In efforts to appeal against this policy, a High Court petition was submitted On March 13, to block Israel’s refugee cap, seeking the immediate issuance of an injunction blocking the new policies and forcing the government to allow Ukrainians in.

The appeal argues current policy violates bilateral agreements and international treaties, and that Interior Minister made decisions without the proper authority.  Ukraine’s Ambassador to Israel Yevgen Korniychuk appealed to Israel’s High Court of Justice over the cap the government has placed on a number of non-Jewish refugees from war-stricken Ukraine it is willing to admit. In his statement, Korniychuk wrote:

“The new Interior Ministry policy violates agreements between Ukraine and Israel regarding visa exemption for Ukrainian citizens…as all diplomatic options appear exhausted, the Embassy has no choice but to submit a petition to the High Court against the Israeli government’s new policy, in order to protect the rights of Ukrainian refugees,”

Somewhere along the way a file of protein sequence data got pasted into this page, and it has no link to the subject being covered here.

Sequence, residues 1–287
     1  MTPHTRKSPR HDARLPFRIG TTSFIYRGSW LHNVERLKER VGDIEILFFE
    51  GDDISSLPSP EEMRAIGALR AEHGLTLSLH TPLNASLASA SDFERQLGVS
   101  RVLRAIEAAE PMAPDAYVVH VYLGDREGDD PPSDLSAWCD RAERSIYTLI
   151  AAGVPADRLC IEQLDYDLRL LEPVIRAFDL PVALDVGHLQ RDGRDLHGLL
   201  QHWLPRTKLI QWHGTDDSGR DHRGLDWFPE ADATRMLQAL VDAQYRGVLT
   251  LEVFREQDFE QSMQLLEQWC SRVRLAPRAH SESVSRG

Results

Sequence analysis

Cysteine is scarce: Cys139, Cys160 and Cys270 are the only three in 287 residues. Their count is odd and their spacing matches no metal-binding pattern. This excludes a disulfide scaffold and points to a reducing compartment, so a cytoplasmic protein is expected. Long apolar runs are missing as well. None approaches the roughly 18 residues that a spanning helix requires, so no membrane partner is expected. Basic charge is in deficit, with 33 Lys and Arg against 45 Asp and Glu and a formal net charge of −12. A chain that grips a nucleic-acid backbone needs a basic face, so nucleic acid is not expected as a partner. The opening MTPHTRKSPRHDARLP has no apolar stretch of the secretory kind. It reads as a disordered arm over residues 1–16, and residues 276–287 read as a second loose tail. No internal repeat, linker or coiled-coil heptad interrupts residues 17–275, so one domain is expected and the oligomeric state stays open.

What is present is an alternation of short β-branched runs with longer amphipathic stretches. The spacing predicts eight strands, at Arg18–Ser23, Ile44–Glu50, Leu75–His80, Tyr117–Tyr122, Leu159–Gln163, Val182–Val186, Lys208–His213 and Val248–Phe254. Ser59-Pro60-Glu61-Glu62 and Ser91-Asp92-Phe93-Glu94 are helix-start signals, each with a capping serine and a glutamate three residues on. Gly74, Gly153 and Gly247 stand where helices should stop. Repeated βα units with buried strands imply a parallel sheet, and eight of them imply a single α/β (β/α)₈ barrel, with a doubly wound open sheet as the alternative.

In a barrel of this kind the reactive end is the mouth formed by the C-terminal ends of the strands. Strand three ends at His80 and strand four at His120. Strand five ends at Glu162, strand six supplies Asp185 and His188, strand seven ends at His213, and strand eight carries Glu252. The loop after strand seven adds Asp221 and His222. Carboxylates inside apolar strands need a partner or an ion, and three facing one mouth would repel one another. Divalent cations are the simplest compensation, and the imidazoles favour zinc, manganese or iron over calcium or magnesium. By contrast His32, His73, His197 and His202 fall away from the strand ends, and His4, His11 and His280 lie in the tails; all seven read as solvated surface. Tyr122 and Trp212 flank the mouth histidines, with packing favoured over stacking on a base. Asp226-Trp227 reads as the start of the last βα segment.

By March 6, nearly 8% of Ukrainians have been denied entry into Israel since the invasion Some 72 out of the 909 Ukrainians who arrived at Ben Gurion Airport since February 24 were forced to turn back, according to Population and Immigration Authority data.

By March 1o, some 3,400 non-Jewish Ukrainians have arrived in Israel since Russian troops invaded the country on February 24, 150 of whom were not allowed entry.

On 16 March the Ministry of Interior advised that more than 10,000 Ukraine nationals arrived in Israel since February 24, 6,500 of them are not eligible under the Law of Return.